Huichol Beaded Skulls


Catherine Martin – My Exquisite Corpse

19/12/12 – What is Huichol Art?

While I was searching through Amor Y locura on Gertrude Street, I had discovered these amazing beaded skulls on the bottom shelf within the glass cabinet. I was immediately attracted to all the different colours and patterns, they were just exquisite! I asked the lady about the skulls, she explained that the skulls were imported from Mexico and the beads also reflect a tradition within Northern America known as Huichol. A gentleman had approached the counter who explained that the various patterns and designs represent different representations.

I was fascinated with this particular style of art, although there is limited research that is available on the internet. I was able to discover that “Huichol Art” reflects some of the ancient traditions and beliefs from the Pre-Hispanic community in Mexico. According to the British Museum, there are some “Indian Tribes” that decorate the skulls in an assortment of beads. The skulls do feature a very distinctive quality and I can imagine that the skulls do require hours of patience in order to achieve such a decorative design.


Scorpions x Flowers by Revolucionario

On the other hand, David Baird, Shane Christensen, Christine Delsol  & Joy Heoo explains that the “Huichol Art” is still a traditional practise within some indigenous communities and the majority of the artworks are sold within a place known as “Puerto Vallarta”. What I did not realise was the fact that the beads are also “pressed in wax” as referenced by David Baird in “Frommer’s Mexico, 2011”. (Baird, 2011)

I decided to undertake further research into “Huichol art” and Hope MacLean in “The Shaman’s Mirror: Visionary Art of Huichol” explains that “Huichol art” has become a popular trend since the 1990’s. Artists in Northern America often decorated real animal and human skulls in colourful beads, the “Huichol Artists” often decorated very wealthy establishments and homes. (Maclean, 2012) I suspect the skulls that I had found in the store were not real human skulls, I would imagine the price would be rather extortionate. I will find out whether the skull is real on my next visit to Amor Y Locura, which will be very soon, every time I travel to the city, it’s one of the first stores I walk into.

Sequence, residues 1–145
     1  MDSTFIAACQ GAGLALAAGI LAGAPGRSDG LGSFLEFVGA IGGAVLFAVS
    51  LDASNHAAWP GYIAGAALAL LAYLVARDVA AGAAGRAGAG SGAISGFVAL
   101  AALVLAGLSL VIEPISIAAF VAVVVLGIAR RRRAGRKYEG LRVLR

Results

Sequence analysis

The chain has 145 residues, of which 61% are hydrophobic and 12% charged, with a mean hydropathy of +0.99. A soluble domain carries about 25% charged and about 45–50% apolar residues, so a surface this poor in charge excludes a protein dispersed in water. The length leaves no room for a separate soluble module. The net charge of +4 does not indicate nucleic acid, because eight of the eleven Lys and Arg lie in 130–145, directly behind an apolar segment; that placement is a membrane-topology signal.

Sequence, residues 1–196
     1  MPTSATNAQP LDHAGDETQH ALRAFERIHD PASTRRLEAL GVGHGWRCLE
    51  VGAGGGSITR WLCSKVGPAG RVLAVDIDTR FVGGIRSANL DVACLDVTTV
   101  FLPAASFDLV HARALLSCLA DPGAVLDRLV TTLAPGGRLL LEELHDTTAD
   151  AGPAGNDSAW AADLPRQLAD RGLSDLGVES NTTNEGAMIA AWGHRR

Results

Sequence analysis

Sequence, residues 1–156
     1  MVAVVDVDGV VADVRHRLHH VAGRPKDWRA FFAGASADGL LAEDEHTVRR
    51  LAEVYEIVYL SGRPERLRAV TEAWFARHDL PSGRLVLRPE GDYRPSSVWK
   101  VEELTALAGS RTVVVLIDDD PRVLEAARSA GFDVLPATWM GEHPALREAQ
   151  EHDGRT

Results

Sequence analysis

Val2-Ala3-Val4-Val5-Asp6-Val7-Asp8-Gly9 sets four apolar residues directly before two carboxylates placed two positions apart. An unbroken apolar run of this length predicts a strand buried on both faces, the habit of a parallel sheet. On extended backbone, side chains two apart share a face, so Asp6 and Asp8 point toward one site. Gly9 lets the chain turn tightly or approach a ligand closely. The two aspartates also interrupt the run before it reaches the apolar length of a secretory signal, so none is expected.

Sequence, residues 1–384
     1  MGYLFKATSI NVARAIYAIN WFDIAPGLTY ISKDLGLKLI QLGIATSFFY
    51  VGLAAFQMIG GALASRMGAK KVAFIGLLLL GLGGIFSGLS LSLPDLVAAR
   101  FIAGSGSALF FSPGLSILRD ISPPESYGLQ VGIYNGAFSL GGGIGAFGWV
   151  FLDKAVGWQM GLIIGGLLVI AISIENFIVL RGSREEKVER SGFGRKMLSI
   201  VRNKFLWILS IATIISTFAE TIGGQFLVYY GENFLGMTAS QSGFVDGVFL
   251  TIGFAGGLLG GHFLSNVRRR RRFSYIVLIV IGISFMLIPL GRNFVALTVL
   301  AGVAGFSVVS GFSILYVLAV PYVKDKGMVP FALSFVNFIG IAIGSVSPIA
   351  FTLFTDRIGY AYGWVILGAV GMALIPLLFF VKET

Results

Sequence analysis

huichol skulls
Beaded Skulls by My Exquisite Corpse & Huichol People

From what I have read so far, Huichol beadwork does contain very complex meanings and representations. David Baird & Shane Christensen also explain that the artists do incorporate animals, reptiles and other natural elements into their designs. Most artists usually reflect animals that do not have any relevance to their own indigenous culture.

Baird & Christensen quote “Usually the beaded designs represent animals, plants, elements of fire, water or air; and certain symbols that give a special meaning to the whole. Deer, snakes, wolves and scorpions are traditional elements; other figures such as, Iguanas, frogs and any animals not indigenous to the Huichol territory”  (Baird & Christensen, 2012)  I did find this particular statement interesting; it is very interesting to realise that most of the designs reflect animals, trees or plants.